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Search Result for "cervus canadensis":

The Collaborative International Dictionary of English v.0.48:

Wapiti \Wap"i*ti\, n. [Probably the Iroquois name. Bartlett.] (Zool.) The American elk (Cervus Canadensis). It is closely related to the European red deer, which it somewhat exceeds in size. [1913 Webster] Note: By some writers it is thought to be a variety of the red deer, but it is considered a distinct species by others. It is noted for the large, branching antlers of the male. [1913 Webster]
The Collaborative International Dictionary of English v.0.48:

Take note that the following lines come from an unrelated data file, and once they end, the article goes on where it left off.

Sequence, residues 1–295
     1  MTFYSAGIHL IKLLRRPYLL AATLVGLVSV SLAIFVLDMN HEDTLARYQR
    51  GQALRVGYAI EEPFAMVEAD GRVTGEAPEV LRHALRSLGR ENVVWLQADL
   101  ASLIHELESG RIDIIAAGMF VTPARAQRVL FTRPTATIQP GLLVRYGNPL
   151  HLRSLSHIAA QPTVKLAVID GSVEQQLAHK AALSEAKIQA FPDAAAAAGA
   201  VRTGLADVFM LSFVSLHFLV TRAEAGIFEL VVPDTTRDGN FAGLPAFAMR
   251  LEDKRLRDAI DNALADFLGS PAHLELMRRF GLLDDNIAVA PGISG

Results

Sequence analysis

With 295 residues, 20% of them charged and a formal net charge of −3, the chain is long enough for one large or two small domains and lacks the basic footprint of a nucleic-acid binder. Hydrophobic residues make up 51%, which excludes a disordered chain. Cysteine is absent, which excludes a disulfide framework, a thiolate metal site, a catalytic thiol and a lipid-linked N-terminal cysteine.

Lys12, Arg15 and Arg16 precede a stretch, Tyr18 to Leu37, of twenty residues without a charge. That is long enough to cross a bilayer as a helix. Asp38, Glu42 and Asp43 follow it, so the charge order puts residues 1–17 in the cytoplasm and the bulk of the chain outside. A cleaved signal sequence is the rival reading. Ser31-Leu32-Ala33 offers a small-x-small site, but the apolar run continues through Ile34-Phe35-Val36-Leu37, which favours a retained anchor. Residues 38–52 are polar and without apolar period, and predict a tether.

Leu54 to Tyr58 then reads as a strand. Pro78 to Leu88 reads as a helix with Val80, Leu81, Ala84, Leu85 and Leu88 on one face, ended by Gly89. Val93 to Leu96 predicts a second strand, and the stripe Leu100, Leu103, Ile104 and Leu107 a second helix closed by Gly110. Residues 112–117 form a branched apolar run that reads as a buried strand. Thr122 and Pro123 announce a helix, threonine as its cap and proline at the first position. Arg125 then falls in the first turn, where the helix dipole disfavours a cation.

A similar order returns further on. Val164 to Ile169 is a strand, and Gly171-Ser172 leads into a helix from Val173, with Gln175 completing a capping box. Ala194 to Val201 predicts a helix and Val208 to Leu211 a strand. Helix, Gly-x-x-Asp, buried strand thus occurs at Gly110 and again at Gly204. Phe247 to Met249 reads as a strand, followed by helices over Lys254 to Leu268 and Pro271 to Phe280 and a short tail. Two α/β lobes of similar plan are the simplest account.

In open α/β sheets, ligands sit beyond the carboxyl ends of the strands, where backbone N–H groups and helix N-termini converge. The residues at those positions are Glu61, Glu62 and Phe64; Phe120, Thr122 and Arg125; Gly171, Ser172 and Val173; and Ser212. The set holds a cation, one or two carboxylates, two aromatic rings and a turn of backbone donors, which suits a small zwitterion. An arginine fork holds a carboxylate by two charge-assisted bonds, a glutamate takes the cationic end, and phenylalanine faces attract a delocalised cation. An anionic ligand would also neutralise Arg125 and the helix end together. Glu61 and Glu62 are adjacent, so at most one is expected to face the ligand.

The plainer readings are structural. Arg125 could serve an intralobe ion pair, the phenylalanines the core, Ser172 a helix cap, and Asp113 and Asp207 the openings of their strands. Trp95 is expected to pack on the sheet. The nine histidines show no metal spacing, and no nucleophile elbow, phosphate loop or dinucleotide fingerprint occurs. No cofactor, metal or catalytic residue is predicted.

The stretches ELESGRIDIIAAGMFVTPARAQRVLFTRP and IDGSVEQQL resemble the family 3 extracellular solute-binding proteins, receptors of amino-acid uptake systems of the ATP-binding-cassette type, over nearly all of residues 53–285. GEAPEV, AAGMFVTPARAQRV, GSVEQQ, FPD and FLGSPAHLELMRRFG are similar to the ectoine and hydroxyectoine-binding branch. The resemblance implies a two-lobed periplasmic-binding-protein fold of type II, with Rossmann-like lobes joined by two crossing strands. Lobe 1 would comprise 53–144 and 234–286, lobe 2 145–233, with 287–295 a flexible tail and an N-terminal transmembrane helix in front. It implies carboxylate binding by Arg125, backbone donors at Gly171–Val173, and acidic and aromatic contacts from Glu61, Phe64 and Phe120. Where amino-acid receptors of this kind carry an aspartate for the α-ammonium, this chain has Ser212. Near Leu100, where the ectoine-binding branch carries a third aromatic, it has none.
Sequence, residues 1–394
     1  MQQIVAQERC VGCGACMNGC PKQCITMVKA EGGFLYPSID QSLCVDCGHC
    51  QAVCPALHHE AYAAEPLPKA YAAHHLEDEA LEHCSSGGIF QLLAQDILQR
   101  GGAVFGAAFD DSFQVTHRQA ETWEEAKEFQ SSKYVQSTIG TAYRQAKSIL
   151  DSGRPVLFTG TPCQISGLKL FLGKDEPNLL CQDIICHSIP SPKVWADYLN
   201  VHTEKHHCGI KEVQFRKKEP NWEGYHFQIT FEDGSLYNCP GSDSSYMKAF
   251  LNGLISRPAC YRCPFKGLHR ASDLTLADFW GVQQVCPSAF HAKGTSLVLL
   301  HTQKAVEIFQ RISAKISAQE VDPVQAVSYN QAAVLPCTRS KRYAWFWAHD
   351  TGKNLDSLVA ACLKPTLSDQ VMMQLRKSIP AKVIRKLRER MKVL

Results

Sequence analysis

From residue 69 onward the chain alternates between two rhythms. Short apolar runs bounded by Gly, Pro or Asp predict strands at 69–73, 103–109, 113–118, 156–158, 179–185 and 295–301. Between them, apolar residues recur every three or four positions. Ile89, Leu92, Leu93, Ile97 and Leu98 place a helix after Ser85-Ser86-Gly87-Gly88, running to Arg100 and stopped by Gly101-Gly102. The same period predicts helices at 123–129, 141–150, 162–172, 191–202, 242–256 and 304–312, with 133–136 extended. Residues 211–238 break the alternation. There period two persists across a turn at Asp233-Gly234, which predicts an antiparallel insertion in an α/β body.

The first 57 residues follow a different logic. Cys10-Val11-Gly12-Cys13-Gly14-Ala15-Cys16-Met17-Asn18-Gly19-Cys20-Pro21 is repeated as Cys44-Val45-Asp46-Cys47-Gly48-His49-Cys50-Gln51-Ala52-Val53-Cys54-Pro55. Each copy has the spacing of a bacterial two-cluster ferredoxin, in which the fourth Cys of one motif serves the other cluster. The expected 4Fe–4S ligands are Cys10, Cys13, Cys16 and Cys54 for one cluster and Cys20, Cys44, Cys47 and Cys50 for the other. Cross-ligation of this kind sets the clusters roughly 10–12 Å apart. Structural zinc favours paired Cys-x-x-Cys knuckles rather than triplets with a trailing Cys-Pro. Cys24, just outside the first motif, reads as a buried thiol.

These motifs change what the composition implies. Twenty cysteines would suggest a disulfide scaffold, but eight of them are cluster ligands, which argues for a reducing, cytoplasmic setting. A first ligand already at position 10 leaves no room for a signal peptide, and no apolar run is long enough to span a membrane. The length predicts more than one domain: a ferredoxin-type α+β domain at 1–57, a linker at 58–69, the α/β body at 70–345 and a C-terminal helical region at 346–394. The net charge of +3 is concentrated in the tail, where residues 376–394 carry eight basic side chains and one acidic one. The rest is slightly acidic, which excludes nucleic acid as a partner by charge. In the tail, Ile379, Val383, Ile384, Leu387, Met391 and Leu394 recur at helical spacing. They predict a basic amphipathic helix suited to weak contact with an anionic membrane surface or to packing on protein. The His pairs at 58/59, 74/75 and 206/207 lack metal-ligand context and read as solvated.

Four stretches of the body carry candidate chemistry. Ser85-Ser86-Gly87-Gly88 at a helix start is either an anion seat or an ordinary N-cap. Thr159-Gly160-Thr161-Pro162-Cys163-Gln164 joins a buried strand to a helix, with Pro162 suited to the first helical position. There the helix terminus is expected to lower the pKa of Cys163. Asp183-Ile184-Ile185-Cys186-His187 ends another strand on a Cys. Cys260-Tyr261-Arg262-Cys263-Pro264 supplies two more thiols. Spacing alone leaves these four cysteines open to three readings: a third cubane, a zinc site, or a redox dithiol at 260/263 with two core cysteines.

elk \elk\ ([e^]lk), n. [Icel. elgr; akin to Sw. elg, AS. eolh, OHG. elaho, MHG. elch, cf. L. alces; perh. akin to E. eland.] (Zo["o]l.) A large deer, of several species. The European elk Alces alces (formerly Alces machlis or Cervus alces) is closely allied to the American moose. The American elk, or wapiti (Cervus Canadensis) the largest member of the deer family, has large, spreading antlers and is closely related to the European stag. See Moose, and Wapiti. [1913 Webster +PJC] Irish elk (Paleon.), a large, extinct, Quaternary deer (Cervus giganteus) with widely spreading antlers. Its remains have been found beneath the peat of swamps in Ireland and England. See Illustration in Appendix; also Illustration of Antler. Cape elk (Zo["o]l.), the eland. elk